Estonia 13.6 2.3 2.5 1.3
Finland 13.5 2.5 2.4 1
France 21.5 2.3 0.7 2.4
Germany 13.3 1.3 1.9 1.2
Greece 4.5 0.4 0.6
Hungary 3.5 2.1 1.4 0.9
Ireland 13.8 4.4 0.6 2.9
Italy 20.7 0.9 0.3 1.9
Latvia 10 0.8 0.7 1.2
Lithuania 6 1 0.5 0.3
Luxembourg 9.8 0.4 0.1 0.6
Malta
Holland 15.7 7.4 3.6 3.7
Norway 8.6 1.6 0.5 1.3
Poland 9.8 0.9 0.4 0.4
Portugal 8 0.2 0.3
Romania 5.8 0.2 0.1 0.2
Slovakia 9.3 1.2 0.8 0.3
Slovenia 10.3 0.8 0.8 1.2
Spain 17.1 1.3 1 3
Sweden 7.3
turkey 0.4 0.1 0.1
United Kingdom 11.5 2.6 0.7 4
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Cannabis is the most used drug in the entire continent

Of the other drugs examined, the largest share of people use cannabis, followed by MDMA and amphetamines.

Cannabis is most popular in France – where 21.5 percent of young adults have used it in the past year – and around a fifth of people in Italy and the Czech Republic also use the drug.

The Netherlands has the largest proportion of MDMA users – 7.4 percent – ​​three percent more than the next two countries, Ireland and the Czech Republic.

The Dutch also ranked first in amphetamine use at 3.6 percent, followed by Estonia and Finland.

In the UK, 11.5 per cent of 16 to 34-year-olds had used cannabis, 2.6 per cent MDMA and 0.7 per cent amphetamine in the past year.

Use of cannabis and amphetamines in the country has risen slightly since last year, while MDMA has fallen and cocaine remains the same.

The European Drug Report 2018 provides a detailed breakdown of the scale of the drug problem in the UK, showing the highest numbers of high-risk opioid users and overdose deaths on the continent.

The European Drug Report 2018 provides a detailed breakdown of the scale of the drug problem in the UK, showing the highest numbers of high-risk opioid users and overdose deaths on the continent.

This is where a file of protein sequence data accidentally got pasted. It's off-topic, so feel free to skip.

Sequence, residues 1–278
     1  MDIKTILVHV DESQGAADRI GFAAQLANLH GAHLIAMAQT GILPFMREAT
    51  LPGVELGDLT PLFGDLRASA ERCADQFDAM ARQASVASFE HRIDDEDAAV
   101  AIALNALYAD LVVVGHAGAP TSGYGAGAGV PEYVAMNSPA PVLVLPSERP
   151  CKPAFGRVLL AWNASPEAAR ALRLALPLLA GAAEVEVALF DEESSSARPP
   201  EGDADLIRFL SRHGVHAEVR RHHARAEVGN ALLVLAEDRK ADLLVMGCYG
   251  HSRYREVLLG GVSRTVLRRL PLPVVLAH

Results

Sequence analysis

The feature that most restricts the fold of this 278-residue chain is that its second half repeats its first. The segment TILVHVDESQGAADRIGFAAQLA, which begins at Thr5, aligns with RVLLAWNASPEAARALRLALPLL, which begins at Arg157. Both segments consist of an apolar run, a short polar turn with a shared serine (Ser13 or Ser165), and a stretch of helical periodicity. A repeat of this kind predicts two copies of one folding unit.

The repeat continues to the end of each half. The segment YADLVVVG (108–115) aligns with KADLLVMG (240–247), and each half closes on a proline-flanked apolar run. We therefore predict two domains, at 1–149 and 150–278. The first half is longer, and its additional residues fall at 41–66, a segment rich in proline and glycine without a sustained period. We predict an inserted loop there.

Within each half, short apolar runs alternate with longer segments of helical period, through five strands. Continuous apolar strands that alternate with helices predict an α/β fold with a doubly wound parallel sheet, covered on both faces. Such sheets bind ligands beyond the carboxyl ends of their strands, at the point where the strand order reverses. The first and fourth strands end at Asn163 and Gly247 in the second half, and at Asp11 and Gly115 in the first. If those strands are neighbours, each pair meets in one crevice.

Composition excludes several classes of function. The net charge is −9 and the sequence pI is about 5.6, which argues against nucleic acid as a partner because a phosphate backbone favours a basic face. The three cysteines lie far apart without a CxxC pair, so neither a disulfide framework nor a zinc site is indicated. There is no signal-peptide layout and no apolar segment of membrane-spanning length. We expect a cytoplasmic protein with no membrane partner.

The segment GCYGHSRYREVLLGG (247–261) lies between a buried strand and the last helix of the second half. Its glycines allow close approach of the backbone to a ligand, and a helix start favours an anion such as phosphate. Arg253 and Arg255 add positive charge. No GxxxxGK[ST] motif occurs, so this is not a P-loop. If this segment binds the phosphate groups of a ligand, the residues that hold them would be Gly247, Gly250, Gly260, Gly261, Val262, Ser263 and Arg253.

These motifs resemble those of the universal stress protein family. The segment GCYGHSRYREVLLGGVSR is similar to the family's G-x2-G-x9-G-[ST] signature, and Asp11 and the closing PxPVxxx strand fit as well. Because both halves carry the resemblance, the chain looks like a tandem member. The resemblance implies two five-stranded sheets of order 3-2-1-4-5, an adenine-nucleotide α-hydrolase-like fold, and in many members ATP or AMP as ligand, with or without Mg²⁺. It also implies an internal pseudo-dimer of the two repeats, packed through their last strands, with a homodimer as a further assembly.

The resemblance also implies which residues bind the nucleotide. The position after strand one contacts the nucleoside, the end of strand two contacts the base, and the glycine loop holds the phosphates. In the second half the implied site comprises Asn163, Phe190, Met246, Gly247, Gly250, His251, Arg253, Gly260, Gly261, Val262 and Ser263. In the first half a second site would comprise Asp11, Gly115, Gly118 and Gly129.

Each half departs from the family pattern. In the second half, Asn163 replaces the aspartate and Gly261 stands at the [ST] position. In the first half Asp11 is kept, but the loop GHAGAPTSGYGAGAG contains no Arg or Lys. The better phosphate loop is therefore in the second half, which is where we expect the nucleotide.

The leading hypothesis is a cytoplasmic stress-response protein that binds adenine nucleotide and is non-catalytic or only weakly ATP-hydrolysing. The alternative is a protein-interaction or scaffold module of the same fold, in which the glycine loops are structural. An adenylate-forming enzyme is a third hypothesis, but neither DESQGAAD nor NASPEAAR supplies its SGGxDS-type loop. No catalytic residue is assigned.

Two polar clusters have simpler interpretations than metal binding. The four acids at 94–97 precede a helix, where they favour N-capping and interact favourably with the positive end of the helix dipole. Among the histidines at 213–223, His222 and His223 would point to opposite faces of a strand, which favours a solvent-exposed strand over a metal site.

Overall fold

The UK has the highest number of overdose and injection drug deaths

Other stark statistics show the deadly impact drugs have on human health: 3,070 died of drug overdoses in 2015 – the latest figures.

This number is more than double that of Germany – the second worst affected country – which had 1,333.

High-risk opioid use – usually referring to injecting heroin – is also highest in the UK, with an estimated 330,445 people – 100,000 more than in France.

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Mr Hamilton added: “Heroin causes the most overdoses by a mile. It is often combined with benzodiazepines.

“Now more people die from heroin overdoses than from traffic accidents in our country.

“Part of this is due to an aging cohort of heroin users who use heroin for a long time and have complicated health problems that they could deal with in their 20s and 30s, but are catching up in their 40s.”

“The threats posed by drugs require a unified response”

London has one of the highest levels of cocaine in its drinking water – even though 2017 was the first year it didn’t have the most polluted water.

The amount of the drug in Barcelona’s water supply has more than doubled since 2015 – Spain also has the highest level of drug crime.

Drug crime is also highest in the other Western European countries, Germany, France and the UK, and lower – partly due to smaller populations – in Eastern Europe.

EMCDDA Board Chair Laura d’Arrigo said: “The threats posed by drugs to public health and safety in Europe continue to require a united response.

“The EU Action Plan on Drugs adopted in 2017 provides a framework for European cooperation.

“As drug problems change and new trends emerge, it is essential that our monitoring system keeps pace.

“The European Drug Report, together with 30 country reports, provides the latest analysis to help decision-makers gain a clear picture of the phenomenon and tailor the policy response to anticipate and meet new challenges.”